Today, that is no longer true.
Thirty-seven of the 38 death penalty states now employ a sentence of life-
without-parole. Texas was the most recent state to make this change, having done so in
2005. In addition, 11 of the 12 states without the death penalty also have this sentence,
as does the federal government and the military courts. Because of a series of Supreme
Court rulings, juries in death penalty cases are now being told that they have the option
of sentencing an inmate to life without parole instead of death. And public opinion
polls indicate that people prefer this alternative.
Prosecutors also know that juries may be more hesitant to impose the death
penalty because of the mistakes that have been made in the past and because of the
availability of life-without-parole sentences. Hence, they may be more willing to accept
plea bargains to life sentences, or decline to seek the death penalty in the first place.
Many states are requiring higher standards for defense counsel, which may be another
factor in prosecutors seeking the death penalty less, and in juries opting for life
sentences. A more careful and well-defended death penalty case often means that it
will be more expensive at the trial level, thus providing additional incentive to the state
to look for alternatives to the death penalty.
Finally, the decline in the use of the death penalty in the U.S. is part of a clear
international trend away from capital punishment. More countries are abandoning the
death penalty and Americans are aware of this development. The debate over the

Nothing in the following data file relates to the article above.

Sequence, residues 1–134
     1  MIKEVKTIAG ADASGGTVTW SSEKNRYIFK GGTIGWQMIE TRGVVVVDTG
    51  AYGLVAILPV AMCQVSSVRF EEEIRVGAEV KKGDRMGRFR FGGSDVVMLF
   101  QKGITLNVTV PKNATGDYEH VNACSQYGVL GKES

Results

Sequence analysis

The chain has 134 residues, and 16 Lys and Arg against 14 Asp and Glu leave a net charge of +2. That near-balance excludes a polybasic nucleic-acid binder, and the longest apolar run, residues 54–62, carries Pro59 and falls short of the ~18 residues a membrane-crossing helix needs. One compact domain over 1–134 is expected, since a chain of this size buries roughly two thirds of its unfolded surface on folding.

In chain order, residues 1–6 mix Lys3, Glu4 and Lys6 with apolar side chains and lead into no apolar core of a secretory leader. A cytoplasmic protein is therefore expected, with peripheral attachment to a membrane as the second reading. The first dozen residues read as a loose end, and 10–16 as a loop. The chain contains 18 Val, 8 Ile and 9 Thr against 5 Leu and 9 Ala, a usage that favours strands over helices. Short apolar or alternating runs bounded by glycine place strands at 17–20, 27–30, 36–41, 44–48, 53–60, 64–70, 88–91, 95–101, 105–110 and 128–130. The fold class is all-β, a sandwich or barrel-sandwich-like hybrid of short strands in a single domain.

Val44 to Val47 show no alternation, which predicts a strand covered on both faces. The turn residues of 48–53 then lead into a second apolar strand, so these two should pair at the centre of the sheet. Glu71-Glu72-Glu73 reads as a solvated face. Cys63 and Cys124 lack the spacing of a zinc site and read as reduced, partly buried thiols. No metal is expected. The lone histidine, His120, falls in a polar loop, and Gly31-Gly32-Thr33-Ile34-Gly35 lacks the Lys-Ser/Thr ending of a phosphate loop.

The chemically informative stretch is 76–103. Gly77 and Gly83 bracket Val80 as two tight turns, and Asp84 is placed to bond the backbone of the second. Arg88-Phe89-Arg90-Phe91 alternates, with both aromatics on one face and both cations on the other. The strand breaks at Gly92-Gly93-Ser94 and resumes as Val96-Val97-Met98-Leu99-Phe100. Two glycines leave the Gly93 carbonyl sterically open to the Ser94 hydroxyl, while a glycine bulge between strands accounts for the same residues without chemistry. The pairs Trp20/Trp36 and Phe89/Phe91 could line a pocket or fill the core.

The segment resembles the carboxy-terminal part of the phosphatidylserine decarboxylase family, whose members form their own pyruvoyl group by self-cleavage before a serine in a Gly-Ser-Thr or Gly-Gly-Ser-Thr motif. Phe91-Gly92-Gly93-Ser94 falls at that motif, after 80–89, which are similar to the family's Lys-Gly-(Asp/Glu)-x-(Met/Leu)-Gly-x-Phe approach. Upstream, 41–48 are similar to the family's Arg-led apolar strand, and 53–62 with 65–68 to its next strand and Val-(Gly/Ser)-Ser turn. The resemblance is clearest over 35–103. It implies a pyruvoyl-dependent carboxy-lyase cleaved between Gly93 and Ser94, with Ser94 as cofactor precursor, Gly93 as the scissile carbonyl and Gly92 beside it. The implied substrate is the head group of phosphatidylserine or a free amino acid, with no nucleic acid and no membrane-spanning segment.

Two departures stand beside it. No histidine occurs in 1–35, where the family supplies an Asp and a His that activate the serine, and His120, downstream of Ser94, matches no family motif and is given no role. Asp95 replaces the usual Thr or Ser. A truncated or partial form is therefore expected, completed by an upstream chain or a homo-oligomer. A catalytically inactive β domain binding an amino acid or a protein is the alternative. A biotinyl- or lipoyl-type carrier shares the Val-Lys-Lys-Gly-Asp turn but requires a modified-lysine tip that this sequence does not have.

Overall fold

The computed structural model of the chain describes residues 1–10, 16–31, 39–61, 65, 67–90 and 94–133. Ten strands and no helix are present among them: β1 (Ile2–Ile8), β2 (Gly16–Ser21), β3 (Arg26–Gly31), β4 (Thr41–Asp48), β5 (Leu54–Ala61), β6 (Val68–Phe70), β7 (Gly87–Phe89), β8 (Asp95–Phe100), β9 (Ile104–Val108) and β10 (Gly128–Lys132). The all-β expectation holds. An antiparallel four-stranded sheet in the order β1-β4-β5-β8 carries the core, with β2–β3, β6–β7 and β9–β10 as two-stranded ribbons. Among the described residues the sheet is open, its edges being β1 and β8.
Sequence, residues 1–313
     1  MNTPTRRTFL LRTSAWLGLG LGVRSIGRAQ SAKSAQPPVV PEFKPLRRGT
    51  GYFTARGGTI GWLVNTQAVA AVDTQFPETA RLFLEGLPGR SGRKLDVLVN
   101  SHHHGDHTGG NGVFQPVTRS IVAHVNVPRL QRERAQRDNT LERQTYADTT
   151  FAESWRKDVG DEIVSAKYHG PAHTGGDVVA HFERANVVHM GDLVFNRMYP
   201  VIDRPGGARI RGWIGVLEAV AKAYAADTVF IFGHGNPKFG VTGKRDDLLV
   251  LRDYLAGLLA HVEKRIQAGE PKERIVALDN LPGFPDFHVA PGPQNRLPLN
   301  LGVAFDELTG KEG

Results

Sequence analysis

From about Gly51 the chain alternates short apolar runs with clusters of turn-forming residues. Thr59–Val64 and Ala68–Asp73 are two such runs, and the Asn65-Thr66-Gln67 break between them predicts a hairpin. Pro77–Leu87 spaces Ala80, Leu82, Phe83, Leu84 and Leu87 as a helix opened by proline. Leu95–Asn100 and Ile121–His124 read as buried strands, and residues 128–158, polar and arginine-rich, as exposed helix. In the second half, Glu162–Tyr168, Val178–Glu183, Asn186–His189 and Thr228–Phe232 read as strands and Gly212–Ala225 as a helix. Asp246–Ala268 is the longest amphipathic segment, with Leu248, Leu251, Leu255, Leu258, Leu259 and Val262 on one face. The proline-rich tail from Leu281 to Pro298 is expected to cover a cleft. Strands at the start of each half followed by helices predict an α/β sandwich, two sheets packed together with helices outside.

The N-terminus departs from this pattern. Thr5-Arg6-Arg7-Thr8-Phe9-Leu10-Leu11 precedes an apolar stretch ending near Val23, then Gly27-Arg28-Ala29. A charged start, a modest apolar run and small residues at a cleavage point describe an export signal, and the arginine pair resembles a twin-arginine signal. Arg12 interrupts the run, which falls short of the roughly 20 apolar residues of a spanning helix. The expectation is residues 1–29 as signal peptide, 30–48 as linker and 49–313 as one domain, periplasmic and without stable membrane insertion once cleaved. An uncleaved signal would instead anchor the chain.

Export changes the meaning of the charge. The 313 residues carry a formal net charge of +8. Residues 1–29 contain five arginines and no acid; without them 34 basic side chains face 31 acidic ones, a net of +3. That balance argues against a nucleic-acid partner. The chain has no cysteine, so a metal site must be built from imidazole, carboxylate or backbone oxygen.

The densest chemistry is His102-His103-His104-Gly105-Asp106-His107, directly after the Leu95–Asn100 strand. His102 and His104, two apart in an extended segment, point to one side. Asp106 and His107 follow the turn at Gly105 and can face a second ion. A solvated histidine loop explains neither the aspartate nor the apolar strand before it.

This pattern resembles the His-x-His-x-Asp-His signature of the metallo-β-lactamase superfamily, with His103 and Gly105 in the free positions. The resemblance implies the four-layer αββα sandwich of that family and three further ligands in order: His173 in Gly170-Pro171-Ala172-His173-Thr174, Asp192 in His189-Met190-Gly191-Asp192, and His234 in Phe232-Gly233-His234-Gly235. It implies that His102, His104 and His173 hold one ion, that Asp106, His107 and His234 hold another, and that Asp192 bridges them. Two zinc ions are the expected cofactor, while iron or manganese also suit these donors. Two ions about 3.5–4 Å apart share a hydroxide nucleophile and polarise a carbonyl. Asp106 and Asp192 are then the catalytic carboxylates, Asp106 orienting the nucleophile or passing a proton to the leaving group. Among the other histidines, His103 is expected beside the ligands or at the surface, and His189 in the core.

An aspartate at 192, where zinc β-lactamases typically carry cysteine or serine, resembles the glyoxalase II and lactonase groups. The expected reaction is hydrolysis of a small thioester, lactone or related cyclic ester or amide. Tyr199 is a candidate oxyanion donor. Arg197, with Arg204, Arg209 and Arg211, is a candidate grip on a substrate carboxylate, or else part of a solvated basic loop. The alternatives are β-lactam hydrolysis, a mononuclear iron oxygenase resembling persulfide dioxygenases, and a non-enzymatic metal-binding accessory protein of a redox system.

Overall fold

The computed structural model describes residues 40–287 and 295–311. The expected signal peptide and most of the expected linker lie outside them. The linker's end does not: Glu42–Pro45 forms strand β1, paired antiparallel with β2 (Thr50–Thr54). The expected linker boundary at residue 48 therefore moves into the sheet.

significance of international law at the Supreme Court level has been intense, but the
majority of the Court appears willing to consider parallel developments in other
countries when deciding cases. Judges and the public travel abroad frequently and
often hear the opinions of others about the U.S. death penalty. While not decisive, these
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influences carry weight in a country that has always considered itself to be a protector
of human rights.
Not all the evidence in the U.S. points to a gradual abandonment of the death
penalty. The recent vote in Wisconsin indicates that broad public support for the death
penalty in theory still exists. In some states, such as Arizona, prosecutors are promising
to make aggressive use of the death penalty, and death sentences could rise in those
areas in the near future. Executions, too, are not necessarily on a path of continuous
decline. Over 3,300 people remain on death row—many of them are nearing the end of
their appeals. The controversy over lethal injection has caused some executions to be
stayed, but that problem may be resolved in the coming months.
Another development that runs counter to the overall trend away from the death